Even an attempt to blame Goldman for producing the personnel that created the economic crisis would be misguided. Sure, Mr. Paulson, a former Goldman CEO, and President Bush's chief of staff, Joshua Bolten, a veteran of Goldman's London office, were involved in economic policymaking, but surely some of the blame also lies with Mr. Bush himself and with the chairmen of the Federal Reserve, who are not Goldman alumni. Sure, a former Goldman co-chairman, Robert Rubin, helped ruin Citigroup, but surely there, too, there is plenty of blame to share with other Citi executives and directors without any Goldman ties.
So what are the fair criticisms of Goldman Sachs, if any? There's a case to be made that the firm has gotten too close to Communist China. In his 2008 book about Goldman Sachs, "The Partnership," a consultant who has done work for the firm, Charles Ellis, reports that as a Goldman partner, before becoming the firm's CEO, Mr. Paulson coached China's vice premier, Zhu Rhongji, on how to answer questions from a bond rating agency. Paulson's chief operating officer, John Thornton, left Goldman when the Chinese government appointed him to a full professorship at Tsinghua University's business school. The Ellis book reports that when Paulson left Goldman to join the Bush administration, the banker held a "substantial" personal stake in the Industrial and Commercial Bank of China; Fortune reported that the Chinese bank's chairman's daughter worked as a summer intern for Goldman in New York.
In 2004, while Mr. Paulson was CEO, Goldman agreed to a $2 million fine by the Securities and Exchange Commission to settle charges that it had illegally promoted the stocks of four Asian companies, including PetroChina's $2.9 billion initial public offering. The Washington Post reported that among the statements at issue in the SEC case were Goldman's efforts to allay concerns about PetroChina's role in Sudan. Goldman pocketed hefty fees for underwriting the PetroChina IPO in 2000, but in the years that followed, institutional investors such as Harvard, Stanford, and the California state pension system have divested PetroChina stock, citing its role in the genocide in Darfur. A New York Times article focused on what it called "an unusual horse trade" crafted by Mr. Paulson in 2003, in which Goldman made a $67 million "donation" to cover investor losses at a failed Chinese brokerage firm it had nothing to do with. In exchange, the Chinese government let Goldman set up shop in Beijing.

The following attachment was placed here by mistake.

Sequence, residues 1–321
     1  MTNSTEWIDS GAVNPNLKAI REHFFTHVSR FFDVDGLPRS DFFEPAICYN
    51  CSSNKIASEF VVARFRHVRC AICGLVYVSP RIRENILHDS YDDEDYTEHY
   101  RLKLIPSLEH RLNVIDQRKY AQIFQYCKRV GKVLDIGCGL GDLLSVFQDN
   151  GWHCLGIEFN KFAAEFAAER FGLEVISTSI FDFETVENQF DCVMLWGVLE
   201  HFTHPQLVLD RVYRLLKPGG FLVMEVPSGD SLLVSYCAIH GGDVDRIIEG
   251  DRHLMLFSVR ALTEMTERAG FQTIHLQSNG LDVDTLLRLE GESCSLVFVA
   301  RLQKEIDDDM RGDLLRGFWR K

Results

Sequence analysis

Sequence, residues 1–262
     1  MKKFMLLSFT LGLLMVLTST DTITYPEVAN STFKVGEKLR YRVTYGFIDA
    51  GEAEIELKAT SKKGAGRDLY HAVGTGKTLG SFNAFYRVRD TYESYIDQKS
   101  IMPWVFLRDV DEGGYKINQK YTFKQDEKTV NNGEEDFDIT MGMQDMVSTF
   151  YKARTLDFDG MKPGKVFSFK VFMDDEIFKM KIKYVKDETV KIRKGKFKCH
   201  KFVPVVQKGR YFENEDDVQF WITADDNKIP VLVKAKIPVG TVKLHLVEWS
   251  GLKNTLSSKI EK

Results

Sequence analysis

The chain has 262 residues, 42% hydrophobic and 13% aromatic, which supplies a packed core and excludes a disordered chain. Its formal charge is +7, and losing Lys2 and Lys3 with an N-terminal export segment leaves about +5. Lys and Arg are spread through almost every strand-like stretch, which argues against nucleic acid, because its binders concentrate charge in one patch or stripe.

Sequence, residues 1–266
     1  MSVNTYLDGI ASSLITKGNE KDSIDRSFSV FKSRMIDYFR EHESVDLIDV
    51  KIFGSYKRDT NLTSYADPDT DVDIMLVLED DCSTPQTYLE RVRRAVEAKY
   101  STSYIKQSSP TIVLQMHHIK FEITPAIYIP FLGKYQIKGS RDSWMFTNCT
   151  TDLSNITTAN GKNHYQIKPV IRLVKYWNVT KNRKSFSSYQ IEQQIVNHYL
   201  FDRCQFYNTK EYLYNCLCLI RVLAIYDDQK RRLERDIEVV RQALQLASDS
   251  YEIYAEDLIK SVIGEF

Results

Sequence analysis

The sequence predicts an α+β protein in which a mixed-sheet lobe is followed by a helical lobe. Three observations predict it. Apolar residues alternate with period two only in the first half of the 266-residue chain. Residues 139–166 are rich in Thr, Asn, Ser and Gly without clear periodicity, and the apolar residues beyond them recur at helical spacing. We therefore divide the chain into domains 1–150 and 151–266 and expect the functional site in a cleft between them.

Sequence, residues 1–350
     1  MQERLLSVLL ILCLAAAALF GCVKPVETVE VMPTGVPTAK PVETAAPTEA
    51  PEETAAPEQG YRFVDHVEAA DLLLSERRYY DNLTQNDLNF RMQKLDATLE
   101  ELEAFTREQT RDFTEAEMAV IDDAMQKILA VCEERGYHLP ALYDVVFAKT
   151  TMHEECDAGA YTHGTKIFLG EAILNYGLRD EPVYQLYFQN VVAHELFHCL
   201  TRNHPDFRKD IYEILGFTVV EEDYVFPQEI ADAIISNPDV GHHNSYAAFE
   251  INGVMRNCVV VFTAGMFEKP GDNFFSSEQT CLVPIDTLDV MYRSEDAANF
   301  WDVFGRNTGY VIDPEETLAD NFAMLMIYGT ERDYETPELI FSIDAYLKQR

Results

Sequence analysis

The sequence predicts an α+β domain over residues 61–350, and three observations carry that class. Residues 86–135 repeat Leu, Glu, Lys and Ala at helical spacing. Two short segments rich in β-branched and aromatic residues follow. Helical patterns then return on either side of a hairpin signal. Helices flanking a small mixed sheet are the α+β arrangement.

The case for American banks to do these deals in Communist China is at least in part that American values — capitalism, rule of law — are imparted to the Chinese. Better the Chinese absorb Goldman Sachs values than those of the Swiss or German or French bankers who would be doing the deals if America stayed away, this argument goes. Reasonable enough. But there's a risk — not a certainty, but at least a risk — that some of the values flow back in the other direction and that instead of Goldman exporting capitalism and the rule of law to China, China ends up exporting Communist-style state ownership, arbitrary government decision-making, and cronyism back to America, using Goldman as the "culture carrier," to use a popular Goldman phrase.
The firm itself hasn't been hesitant to play hardball with American politicians and taxpayers when it suits its own interests, extracting subsidies estimated at $500 million for a new $2 billion headquarters in Lower Manhattan.
Goldman seems to have navigated better than most of its competitors through the ad hocracy that is the Paulson-Geithner economic policy. But an economy that is based not on the rule of law but on arbitrary government decisions can pose real long term risks to a company whose most important asset is its people. When I asked an executive at a Goldman competitor whether he gave any credence to the Goldman conspiracy theories, he said no. It wasn't political connections that had enabled Goldman to emerge from the financial crisis relatively unscathed, he said: "They're just smarter." Goldman, he said, was a far better-run company than its competitors. Riven by less internal infighting, Goldman bet against the housing market at a time when a lot of its competitors were holding onto sub-prime mortgage-backed securities. (Though the firm did not avoid sub-prime entirely, and agreed to a $60 million settlement with the Massachusetts attorney general.)
Becoming "just smarter" doesn't happen by accident. When Bill Gates was running Microsoft, he used to call Goldman Sachs his chief competitor. It wasn't a software company, but it competed when it came to recruiting the smartest people coming out of colleges and graduate schools. The toll the financial crisis has taken on Goldman Sachs can be measured by the fact that in the Reputation Institute's annual 2009 survey of American companies, Goldman Sachs slid in the ranks down to 148 on a list of 153 firms. It was far less popular than such popular punching bags as Wal-Mart. It was less popular than the drug companies. It even had a worse reputation than Altria, a tobacco company. In another survey, of 60,000 American undergraduates, Goldman Sachs's ranking slid to the 21st most desirable employer in 2009, from its rank as sixth in the 2008 survey, Businessweek reported.
The risk to Goldman is that smart people won't want to go work there anymore, because whatever they achieve won't be attributed by those outside the firm to hard work, skill, and talent but to government connections. And that is the real vitiating thing about an economic policy where Washington picks winners and losers arbitrarily, rather than one in which the government sets transparent rules and lets companies compete freely. In the end it has a way of sapping the strengths of even the companies, like Goldman, that appear to be the winners.